Methods for superficial excimer laser vision correction include transepithelial photorefractive keratectomy (TransFRK), laser epithelial keratomileusis (LASEK
) and in situ epi-laser keratomileusis (Epi-LASIK
). Stromal corneal ablation procedures include laser keratomileusis "in situ" with a flap (LASIK
, i.e. Laser-in-situ-Keratomileusis), created mechanically or with a femtosecond laser (Femto-LASIK
). Corneal lenticular extraction procedures have several commercial names depending on the manufacturer.
What is TransEpithelial PRK or TransPRK (also Trans-PRK) ?
Transepithelial photorefractive keratectomy is a simplified one-stage PRK (read more about PRK
). Here, the epithelium, as well as part of the stroma (the main layer under the epithelium), is removed by a laser without mechanical scraping of the epithelium with an instrument resembling a hockey stick or a rotating brush. Chemical agents such as dilute ethanol 5, 6 7
can be used to remove corneal epithelium. The total laser treatment usually takes less than 30 seconds, depending on the number of diopters. Removing the epithelium with a laser smoothes the cornea surface which can affect the clinical results 8
. Here you need to understand that the epithelium covering the cornea masks its surface with microroughness.
Features of TransPRK
Transepithelial photorefractive keratectomy (TransPRK) emerged as a modification of its predecessor PRK, and replaced mechanical and chemical cleaning of the corneal epithelium with a laser 9
. As in PRK, one of the main inconveniences after Trans-PRK compared to LASIK is postoperative pain until the epithelium is overgrown 10
. After TransPRK, similarly to PRK, soft contact lenses are widely used as a dressing to reduce pain and optimize the healing process of the epithelium 11
. Although the tear film between the lens and the cornea is only about 1–2 µm thick, this facilitates the penetration of postoperative drugs into the cornea (anti-inflammatory eye drops, topical steroids, etc.). For example, soft contact lenses impregnated with a non-steroidal anti-inflammatory drugs have long been shown to be effective in reducing pain without compromising visual results 12
Results after TransPRK
One of the first studies (2004) comparing epithelial healing, postoperative pain and visual results after epithelial-mechanical (conventional PRK), transepithelial PRK, and subepithelial keratomileusis (LASEK) after 6 months failed to find significant differences between the 3 methods. In other words, the results of corneal pain and the degree of corneal opacity were fairly similar 5
. Later, in 2012, transepithelial ablation was shown to be safer than mechanical scraping of the epithelium using chemical agents such as alcohol. It has been demonstrated that TransPRK provides faster epithelial healing, less postoperative pain and less corneal opacity at 1 week, 1, 3 and 6 months after surgery 6
. But it should be understood that other technologies are also not standing still and are being improved.
One large meta-analysis of the 16 most recent known studies of 1924 eyes after transepithelial PRK was published in 2020 9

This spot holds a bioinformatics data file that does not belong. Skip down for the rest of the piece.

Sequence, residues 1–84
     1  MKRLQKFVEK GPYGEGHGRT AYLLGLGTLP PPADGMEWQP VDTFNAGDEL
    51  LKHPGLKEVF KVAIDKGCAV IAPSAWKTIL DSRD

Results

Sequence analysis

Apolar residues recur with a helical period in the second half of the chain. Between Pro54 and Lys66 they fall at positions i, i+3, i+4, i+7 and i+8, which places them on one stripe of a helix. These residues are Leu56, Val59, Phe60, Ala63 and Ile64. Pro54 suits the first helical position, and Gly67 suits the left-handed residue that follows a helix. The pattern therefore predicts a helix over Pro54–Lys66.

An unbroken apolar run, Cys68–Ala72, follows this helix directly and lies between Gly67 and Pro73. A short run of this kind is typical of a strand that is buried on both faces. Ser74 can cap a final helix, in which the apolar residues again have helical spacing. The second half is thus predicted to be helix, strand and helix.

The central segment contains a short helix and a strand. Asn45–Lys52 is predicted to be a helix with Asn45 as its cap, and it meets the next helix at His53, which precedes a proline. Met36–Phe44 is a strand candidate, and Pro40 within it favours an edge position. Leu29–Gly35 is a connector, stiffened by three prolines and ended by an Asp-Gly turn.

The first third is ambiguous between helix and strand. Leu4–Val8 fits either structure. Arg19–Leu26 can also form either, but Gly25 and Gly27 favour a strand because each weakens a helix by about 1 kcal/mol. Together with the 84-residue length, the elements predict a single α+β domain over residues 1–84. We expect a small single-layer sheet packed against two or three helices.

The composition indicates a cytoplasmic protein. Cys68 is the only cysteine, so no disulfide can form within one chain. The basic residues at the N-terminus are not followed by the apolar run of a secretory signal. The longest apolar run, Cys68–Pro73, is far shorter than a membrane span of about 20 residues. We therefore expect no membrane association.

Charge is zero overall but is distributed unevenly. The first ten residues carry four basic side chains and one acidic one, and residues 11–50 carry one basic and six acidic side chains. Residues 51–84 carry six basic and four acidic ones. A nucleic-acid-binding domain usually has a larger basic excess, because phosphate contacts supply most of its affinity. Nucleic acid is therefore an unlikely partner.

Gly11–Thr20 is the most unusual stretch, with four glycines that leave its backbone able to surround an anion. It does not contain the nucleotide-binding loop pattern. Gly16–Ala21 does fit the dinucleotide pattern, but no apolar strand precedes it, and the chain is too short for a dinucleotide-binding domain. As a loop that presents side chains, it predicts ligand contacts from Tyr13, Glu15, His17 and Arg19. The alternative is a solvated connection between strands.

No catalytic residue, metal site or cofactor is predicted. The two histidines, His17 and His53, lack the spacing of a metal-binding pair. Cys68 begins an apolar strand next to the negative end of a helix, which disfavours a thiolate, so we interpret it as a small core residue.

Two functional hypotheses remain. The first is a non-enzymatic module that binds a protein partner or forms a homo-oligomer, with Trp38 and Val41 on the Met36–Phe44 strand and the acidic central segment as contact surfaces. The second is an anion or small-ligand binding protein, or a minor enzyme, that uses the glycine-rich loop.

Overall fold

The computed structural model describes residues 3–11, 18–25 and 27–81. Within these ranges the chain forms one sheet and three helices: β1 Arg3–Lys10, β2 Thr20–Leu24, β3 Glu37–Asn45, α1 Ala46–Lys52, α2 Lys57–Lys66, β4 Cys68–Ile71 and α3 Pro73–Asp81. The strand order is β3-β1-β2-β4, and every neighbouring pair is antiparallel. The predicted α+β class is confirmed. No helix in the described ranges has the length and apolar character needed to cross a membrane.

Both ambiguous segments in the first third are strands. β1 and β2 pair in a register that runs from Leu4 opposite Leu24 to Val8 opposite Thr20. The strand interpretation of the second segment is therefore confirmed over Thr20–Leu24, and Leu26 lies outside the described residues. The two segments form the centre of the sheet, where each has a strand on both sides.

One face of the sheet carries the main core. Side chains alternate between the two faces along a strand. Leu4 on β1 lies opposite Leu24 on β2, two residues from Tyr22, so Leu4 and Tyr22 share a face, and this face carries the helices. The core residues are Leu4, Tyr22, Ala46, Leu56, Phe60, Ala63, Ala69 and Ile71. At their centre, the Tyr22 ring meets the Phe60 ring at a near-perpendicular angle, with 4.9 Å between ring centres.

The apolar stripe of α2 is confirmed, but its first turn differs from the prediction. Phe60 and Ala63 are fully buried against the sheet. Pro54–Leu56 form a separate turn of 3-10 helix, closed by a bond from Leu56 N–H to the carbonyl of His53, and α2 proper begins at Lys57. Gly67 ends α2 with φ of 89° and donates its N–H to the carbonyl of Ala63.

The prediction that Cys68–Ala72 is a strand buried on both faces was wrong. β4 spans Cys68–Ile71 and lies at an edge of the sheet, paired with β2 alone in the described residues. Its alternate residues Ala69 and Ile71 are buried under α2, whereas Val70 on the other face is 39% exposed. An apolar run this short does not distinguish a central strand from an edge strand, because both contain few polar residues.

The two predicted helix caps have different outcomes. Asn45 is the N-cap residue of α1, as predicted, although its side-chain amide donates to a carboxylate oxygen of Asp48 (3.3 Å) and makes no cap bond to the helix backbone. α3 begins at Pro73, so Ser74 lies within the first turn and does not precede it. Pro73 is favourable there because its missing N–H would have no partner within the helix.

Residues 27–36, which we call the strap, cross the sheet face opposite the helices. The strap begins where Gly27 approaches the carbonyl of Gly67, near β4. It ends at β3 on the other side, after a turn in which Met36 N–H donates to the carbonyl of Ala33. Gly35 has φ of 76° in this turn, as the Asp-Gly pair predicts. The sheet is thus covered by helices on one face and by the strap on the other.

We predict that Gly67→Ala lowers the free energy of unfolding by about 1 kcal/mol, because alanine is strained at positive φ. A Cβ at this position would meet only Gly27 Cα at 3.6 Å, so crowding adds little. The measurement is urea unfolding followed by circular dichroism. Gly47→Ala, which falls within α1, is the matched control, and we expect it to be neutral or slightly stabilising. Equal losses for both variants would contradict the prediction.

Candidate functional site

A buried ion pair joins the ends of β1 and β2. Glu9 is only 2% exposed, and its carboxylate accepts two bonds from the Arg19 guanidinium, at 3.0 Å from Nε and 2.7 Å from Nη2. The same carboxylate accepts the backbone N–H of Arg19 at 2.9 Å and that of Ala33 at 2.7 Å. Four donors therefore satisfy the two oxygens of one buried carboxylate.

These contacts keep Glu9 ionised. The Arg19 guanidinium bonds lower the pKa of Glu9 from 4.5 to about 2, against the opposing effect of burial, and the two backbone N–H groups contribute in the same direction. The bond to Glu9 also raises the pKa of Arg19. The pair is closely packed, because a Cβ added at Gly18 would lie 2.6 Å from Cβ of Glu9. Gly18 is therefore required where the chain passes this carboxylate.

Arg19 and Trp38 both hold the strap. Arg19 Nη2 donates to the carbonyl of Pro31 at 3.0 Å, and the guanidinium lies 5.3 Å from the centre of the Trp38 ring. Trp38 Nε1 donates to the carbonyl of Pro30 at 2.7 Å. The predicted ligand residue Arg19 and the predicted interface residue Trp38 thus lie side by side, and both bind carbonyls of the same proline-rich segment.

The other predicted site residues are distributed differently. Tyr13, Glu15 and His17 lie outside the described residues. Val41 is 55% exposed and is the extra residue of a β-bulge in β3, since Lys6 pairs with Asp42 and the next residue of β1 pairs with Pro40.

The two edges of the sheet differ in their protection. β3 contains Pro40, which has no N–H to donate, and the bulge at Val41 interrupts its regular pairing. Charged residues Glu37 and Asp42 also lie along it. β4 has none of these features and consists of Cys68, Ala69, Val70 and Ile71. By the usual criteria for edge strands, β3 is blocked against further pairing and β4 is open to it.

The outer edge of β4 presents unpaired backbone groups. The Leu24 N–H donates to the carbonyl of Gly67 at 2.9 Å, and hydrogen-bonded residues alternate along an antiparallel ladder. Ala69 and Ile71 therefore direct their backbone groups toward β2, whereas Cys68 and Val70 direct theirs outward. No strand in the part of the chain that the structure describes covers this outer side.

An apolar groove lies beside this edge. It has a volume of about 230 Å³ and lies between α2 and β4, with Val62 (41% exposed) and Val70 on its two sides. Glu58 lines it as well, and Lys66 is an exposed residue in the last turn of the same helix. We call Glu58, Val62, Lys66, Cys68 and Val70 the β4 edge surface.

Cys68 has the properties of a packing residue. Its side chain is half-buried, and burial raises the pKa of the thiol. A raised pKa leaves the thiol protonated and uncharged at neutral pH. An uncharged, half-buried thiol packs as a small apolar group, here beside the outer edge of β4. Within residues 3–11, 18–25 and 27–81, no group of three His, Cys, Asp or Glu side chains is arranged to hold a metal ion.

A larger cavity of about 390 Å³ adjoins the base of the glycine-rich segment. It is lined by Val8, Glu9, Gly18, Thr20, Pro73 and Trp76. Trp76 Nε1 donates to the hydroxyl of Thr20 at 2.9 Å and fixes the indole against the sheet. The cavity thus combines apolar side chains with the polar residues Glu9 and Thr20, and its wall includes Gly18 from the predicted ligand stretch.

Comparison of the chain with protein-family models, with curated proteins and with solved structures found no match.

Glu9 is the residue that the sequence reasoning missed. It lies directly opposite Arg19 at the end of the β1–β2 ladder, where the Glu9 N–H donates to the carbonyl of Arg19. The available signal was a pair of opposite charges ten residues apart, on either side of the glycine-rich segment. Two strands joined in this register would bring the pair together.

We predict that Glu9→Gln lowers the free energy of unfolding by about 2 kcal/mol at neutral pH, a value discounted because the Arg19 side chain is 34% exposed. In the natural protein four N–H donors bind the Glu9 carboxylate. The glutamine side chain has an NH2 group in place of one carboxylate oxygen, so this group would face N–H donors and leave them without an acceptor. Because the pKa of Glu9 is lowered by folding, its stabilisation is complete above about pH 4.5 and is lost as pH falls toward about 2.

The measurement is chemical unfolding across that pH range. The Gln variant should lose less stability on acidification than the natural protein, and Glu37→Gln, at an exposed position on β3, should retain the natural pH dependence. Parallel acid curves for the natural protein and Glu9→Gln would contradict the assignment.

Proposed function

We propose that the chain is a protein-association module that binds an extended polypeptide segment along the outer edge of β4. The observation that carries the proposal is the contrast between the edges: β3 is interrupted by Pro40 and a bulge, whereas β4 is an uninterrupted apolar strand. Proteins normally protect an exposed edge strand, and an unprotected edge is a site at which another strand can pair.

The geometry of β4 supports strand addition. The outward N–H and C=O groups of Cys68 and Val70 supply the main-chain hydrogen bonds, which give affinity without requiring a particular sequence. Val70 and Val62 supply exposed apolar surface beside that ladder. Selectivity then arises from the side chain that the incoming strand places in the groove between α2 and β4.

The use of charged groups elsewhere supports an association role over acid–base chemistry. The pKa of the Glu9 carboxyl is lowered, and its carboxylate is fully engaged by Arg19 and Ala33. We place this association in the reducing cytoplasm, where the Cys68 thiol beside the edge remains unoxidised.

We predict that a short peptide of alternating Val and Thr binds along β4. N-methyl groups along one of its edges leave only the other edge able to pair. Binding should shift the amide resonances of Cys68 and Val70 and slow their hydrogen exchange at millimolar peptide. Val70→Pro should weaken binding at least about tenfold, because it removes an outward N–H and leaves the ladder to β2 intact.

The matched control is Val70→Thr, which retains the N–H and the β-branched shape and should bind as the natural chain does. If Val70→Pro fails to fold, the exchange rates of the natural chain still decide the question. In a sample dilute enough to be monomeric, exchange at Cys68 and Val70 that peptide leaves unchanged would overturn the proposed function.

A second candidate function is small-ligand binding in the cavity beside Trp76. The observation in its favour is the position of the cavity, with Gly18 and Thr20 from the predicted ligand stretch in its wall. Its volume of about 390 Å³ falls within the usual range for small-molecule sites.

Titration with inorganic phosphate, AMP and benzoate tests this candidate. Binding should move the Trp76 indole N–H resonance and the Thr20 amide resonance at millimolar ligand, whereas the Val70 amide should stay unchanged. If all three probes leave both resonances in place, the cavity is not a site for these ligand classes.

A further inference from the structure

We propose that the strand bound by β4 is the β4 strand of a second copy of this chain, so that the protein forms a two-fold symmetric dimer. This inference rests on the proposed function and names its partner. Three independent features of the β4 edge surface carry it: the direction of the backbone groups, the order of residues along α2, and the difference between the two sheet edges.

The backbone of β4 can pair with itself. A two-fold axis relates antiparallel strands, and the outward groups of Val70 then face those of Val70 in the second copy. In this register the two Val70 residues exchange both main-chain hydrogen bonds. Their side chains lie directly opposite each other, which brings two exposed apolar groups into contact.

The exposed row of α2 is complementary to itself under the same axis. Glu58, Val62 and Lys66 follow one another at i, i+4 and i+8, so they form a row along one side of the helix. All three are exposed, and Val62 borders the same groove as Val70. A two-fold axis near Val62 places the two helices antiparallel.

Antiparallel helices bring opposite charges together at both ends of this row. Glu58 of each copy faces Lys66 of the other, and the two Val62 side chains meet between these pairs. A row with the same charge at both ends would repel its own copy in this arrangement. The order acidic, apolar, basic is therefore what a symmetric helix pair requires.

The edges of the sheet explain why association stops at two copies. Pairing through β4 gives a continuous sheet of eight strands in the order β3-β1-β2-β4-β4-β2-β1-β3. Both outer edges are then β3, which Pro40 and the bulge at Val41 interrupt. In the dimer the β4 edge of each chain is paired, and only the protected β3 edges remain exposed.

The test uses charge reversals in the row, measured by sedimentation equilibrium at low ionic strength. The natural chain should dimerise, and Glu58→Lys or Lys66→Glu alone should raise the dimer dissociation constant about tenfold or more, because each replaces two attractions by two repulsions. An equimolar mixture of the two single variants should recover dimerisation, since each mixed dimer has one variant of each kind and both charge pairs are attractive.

. The included studies were published by authors from South Korea, Iran, Turkey, People's Republic of China, the Netherlands, Greece, Lebanon, Poland, and Saudi Arabia. The period of postoperative follow-up ranged from 3 to 18 months until 2019.
Here, characteristics such as clinical efficacy, safety and predictability of clinical results were tested. To understand these results, it is necessary to mention what these characteristics mean. Thus, efficacy
was defined as the proportion of treated eyes with postoperative distance visual acuity (UDVA) ≥ 20/20 (or 10 lines according to the Sivtsev’s table). Predictability
is the proportion of all eyes with a deviation from the target (planned) postoperative refraction of up to 0.5 diopters. Safety
was interpreted as the proportion of operated eyes that lost more than 2 lines of postoperative distance visual acuity even with glasses (BDVA) according to the Snellen chart compared to visual acuity with glasses before surgery.
The results of all studies had an efficacy of more than 76% with the exception of one lower value 13
. The small effectiveness of this study 13
can be explained by the fact that it also included patients with impaired distance visual acuity even with glasses before the surgery. In other words, this does not mean that this type of surgery in this study was not successful, but that the efficacy index took into account the preoperative distance visual acuity with glasses in all patients, even with complications. All 16 included studies confirmed the value of the TransPRK intervention. Thirteen studies reported 100% safety, while 13
and two others reported values between 93% - 98%. In terms of predictability, the obtained results showed an average estimate of 89% (95% of estimates in the 82% - 93% confidence interval).
Thus, it has been proven that TransEpithelial PRK is a useful technique of modern refractive surgery to avoid complications associated with flap, keratitis (inflammation), formation of macrostriae (micro stripes) or epithelial ingrowth 9
In conclusion, we can conclude that Trans-PRK is a tissue-preserving laser intervention with a low risk of developing ectasia - deformity and protrusion of the cornea (the tissue is thicker because there is no flap). However, do not forget that other superficial operations like PRK and LASEK are also improving. A recent analysis at the World Congress of the European Society for Cataract and Refractive Surgeons (Winter ESCRS 2021
) is an example of this 14
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